This wonderful herb can be used for a variety of ailments, particularly upper respiratory infections. It has antimicrobial, antiviral, expectorant, anticatarrhal, and lung protective qualities and is often used to resolve ailments like the common cold and the flu. No other aspect of thyme has been so highly studied by science as these protective antimicrobial actions have been. Thyme is also employed as an immunostimulant to help generally reduce infection (WRIH, n.d.)
Cayenne – Capsicum annum
Cayenne can help prevent as well as shorten the duration of a cold or flu.
Traditional uses include applications for sore throats and cough, wounds, and immune modulation (Sanati, 2018).
Besides that, it brings heat to the body, which can be helpful in this cold season!
Nourishing Herbal Soup Seasoning Mix
When we are feeling under the weather, it can be challenging to keep up with cooking nourishing healthy meals. This immunity soup seasoning blend is perfect to use for boosting your simple soups. You can prepare it in bulk and have it on hand for months!
All you will need is some fresh ingredients from your local market and the following herbs. Yield: 3.5 cups.
1 cup dried nettle (Urtica dioica) aerial part
½ cup seaweed flakes (dulse, wakame, kombu, nori…
½ cup astragalus (Astragalus mongholicus) root powder
1 cup shiitake powder
½ cup dried thyme
1 teaspoon cayenne powder (or more if you like it spicy)
- Grind the nettle, seaweed, and thyme, if desired.
- Combine all ingredients in a bowl, stir well.
- Transfer the mixture to a jar.
- Cover and label.
- Place in a dark, dry spot.
To Use: Simply add one or two tablespoons into your soup, stew, sauce, or any other dish that you want to boost! Together with fresh veggies and herbs like carrots, celery, parsley, and garlic you will create a delicious and savory taste.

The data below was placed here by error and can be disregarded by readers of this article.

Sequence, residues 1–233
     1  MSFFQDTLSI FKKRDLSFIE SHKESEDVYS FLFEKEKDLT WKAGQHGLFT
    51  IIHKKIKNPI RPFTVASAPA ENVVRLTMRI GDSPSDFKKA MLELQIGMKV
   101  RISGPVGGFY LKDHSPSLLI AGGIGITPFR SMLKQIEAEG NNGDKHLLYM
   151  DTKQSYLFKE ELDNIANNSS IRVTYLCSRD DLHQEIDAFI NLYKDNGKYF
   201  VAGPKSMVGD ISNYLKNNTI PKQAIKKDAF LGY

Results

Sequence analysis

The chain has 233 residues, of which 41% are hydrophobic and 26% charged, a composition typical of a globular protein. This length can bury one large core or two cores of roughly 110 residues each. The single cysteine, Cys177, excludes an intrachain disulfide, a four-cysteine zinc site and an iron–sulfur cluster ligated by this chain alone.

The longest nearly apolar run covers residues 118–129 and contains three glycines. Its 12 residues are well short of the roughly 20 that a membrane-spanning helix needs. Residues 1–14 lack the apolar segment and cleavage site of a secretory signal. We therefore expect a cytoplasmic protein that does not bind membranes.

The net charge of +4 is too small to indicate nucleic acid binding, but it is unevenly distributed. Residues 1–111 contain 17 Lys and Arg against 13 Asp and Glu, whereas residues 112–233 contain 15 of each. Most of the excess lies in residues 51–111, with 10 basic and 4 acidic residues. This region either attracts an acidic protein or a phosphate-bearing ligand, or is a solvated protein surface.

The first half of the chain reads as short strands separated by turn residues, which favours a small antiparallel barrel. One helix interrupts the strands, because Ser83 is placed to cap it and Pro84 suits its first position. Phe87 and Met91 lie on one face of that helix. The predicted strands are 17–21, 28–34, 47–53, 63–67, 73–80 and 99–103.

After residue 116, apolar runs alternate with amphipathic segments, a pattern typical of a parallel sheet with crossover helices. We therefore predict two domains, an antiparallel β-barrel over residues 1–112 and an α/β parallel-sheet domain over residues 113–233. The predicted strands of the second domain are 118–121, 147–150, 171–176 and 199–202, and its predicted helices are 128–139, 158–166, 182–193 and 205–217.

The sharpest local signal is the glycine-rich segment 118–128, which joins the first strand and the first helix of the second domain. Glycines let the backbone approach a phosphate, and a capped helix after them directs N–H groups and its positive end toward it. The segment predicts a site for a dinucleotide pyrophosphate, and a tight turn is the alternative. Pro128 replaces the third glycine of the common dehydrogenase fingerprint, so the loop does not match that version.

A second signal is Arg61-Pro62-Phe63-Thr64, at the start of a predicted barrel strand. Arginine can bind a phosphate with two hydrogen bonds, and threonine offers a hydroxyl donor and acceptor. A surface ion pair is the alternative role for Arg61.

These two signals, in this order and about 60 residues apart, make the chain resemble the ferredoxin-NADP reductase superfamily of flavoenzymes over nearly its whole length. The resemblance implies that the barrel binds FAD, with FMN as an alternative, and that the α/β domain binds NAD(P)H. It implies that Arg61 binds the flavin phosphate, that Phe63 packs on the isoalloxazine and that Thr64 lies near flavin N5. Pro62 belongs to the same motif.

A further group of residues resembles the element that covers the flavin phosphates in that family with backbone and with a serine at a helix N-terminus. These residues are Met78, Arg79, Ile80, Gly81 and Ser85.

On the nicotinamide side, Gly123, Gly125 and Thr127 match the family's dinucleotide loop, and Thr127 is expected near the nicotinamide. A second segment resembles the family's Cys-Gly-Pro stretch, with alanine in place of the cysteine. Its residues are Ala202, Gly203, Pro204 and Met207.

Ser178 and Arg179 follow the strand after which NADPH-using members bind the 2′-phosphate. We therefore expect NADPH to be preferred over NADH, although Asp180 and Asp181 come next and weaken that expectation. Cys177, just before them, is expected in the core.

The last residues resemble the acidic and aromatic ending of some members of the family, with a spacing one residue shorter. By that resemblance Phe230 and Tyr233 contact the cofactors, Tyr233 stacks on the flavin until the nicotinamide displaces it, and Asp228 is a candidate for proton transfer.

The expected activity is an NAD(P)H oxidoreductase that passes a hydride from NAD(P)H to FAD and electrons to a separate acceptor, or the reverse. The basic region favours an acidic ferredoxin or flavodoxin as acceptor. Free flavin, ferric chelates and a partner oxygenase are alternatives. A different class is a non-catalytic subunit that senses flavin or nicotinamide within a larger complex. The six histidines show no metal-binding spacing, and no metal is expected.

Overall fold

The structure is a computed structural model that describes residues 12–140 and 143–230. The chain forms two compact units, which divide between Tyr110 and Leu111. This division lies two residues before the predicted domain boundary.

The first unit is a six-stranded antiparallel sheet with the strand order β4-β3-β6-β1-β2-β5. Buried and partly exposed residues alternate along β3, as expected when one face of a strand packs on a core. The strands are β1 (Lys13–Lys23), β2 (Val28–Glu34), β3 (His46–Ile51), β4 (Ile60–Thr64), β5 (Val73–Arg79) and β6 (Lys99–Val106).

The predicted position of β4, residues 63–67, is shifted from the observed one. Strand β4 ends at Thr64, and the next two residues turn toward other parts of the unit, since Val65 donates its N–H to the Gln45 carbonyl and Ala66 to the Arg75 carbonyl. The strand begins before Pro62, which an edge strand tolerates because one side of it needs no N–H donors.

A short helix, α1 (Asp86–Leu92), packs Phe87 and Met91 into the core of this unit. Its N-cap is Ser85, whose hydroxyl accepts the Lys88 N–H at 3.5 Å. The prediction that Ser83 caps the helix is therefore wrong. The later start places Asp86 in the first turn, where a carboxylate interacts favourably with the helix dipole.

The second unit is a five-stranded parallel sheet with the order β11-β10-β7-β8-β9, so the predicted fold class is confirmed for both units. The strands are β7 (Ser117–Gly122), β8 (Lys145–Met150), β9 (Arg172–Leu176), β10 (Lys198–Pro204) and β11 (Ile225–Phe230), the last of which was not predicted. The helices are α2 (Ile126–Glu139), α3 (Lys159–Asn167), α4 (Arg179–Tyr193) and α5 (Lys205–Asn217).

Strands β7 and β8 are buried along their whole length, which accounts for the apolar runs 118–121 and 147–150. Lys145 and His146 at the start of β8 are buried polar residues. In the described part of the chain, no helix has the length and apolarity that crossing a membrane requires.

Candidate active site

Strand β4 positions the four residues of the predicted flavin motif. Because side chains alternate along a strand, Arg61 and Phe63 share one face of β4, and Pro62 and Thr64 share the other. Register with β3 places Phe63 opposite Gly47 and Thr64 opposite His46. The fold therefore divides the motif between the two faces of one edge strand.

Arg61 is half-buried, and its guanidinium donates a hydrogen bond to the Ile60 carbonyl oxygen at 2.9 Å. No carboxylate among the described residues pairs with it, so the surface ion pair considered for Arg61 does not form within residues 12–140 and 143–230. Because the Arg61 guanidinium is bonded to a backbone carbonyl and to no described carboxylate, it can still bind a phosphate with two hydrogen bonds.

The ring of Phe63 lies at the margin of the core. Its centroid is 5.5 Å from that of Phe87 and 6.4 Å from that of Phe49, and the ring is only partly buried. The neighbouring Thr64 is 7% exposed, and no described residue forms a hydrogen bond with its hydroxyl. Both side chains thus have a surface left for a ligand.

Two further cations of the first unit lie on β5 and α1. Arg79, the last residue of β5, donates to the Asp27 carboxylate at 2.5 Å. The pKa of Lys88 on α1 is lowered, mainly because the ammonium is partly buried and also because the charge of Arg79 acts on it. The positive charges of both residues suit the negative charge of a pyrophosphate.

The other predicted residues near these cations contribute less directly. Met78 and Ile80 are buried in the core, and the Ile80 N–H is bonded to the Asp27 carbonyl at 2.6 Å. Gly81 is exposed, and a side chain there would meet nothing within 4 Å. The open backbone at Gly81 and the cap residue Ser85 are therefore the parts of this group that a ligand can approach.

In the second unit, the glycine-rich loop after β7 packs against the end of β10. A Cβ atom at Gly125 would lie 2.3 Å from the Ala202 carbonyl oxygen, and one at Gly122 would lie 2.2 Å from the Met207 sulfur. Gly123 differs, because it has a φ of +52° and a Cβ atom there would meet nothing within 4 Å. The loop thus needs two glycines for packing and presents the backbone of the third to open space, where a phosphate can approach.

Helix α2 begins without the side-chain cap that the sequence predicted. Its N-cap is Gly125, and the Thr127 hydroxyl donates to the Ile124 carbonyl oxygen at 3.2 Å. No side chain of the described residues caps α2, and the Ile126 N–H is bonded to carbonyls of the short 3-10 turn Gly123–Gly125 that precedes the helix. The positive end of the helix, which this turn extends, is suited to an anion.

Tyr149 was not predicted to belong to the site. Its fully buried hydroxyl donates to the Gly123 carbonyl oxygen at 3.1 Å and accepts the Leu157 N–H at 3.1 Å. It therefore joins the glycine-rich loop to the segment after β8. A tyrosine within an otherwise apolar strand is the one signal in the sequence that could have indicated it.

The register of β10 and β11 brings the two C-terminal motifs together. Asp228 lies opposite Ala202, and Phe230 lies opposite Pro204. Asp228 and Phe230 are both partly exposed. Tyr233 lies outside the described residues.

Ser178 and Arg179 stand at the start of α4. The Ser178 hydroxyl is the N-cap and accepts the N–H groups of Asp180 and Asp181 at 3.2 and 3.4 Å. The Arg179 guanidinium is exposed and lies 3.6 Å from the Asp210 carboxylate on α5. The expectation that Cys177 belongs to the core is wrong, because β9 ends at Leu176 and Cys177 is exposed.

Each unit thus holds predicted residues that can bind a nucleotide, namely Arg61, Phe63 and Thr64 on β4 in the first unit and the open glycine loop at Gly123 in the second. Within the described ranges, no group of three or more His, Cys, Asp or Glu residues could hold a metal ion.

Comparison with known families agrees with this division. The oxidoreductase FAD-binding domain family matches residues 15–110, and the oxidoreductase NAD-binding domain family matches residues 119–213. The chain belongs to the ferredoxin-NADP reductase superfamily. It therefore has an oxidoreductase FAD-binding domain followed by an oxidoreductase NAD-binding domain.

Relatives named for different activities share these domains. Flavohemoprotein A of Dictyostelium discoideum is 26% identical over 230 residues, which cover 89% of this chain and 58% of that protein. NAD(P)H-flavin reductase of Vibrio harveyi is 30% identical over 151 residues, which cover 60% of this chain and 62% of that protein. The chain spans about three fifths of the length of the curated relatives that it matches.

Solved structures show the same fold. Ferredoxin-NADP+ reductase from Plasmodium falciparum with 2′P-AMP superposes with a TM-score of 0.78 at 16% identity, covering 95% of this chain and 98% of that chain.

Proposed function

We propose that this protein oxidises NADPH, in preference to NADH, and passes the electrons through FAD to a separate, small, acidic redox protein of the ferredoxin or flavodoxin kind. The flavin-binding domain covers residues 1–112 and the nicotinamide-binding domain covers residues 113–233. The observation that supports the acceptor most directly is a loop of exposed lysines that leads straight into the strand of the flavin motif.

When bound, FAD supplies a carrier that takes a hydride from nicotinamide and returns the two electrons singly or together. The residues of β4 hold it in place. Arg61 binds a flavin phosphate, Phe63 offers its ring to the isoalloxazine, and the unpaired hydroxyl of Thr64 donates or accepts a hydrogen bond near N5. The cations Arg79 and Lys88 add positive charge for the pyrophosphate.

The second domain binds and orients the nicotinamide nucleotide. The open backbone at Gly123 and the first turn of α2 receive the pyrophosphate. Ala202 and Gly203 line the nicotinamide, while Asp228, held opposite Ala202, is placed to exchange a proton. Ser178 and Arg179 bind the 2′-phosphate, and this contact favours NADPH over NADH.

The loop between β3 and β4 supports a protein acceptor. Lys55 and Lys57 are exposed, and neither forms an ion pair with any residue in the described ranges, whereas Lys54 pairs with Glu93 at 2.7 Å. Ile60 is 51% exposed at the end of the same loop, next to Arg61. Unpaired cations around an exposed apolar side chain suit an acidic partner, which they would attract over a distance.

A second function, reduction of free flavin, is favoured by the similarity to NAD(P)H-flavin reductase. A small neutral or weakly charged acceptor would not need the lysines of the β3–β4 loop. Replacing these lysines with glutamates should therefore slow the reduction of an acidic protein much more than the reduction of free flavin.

Staying healthy throughout the year
In these difficult times, it’s so important to provide your body some extra protection from viral illnesses and the effects. By incorporating herbs into your daily life — before, during, and after an illness — these can help to make you more comfortable and help support the body with prevention and recovery. Especially soups and stews are so wonderful for your overall wellbeing on these cold winter days!
See the two articles below for more herbal seasoning mix ideas:
Bennett, Robin Rose (2014). The Gift of Healing Herbs. Berkeley, CA: North Atlantic Books.
Bergner, P. (1997). The healing power of minerals, special nutrients, and trace elements. Placer County, CA: Prima Lifestyles Publishing.
Drum, R. (2008). Medicinal uses of seaweeds.
Retrieved from: http://www.ryandrum.com/seaweeds.htm
Foster, S., & Johnson, R. (2006). Desk reference to nature’s medicine. Washington, DC: National Geographic Society.
Hobbs, C. (1986). Medicinal mushrooms.
Retrieved from: https://www.christopherhobbs.com/library/featured-articles/mushroom-articles/
Liu, Y.-T., & Lv, W.-l. (2020). Research progress in Astragalus membranaceus and its active components on immune responses in liver fibrosis. Chinese Journal of Integrative Medicine, 26, 794–800. https://doi.org/10.1007/s11655-019-3039-1
Pedersen, M. (2012). Nutritional herbology: A reference guide to herbs. Warsaw, IN: Whitman Publications
Sanati, S., Razavi, B.M., Hosseinzadeh., H. (2018). A review of the effects of Capsicum annuum L. and its constituent, capsaicin, in metabolic syndrome. Iranian Journal of Basic Medical Sciences, 21(5):439-448. doi: 10.22038/IJBMS.2018.25200.6238.
Winston, D. (2007). Adaptogens: Herbs for strength, stamina, and stress relief. Rochester, VT: Healing Arts Press.
White Rabbit Institute of Healing. (n.d.). Thyme (bai li xiang).
Retrieved from https://www.whiterabbitinstituteofhealing.com/herbs/thyme/
Xiao, B., Xu, Y., He, H., Jiang, Q.L., Li, S.Y., Shu, H.Y., … Yang, M. (2013). [Anti-apoptotic effect of astragalus polysaccharide on myeloid cells]. Zhongguo Shi Yan Xue Ye Xue Za Zhi, 21(5), 1243–1247. https://doi.org/10.7534/j.issn.1009-2137.2013.05.032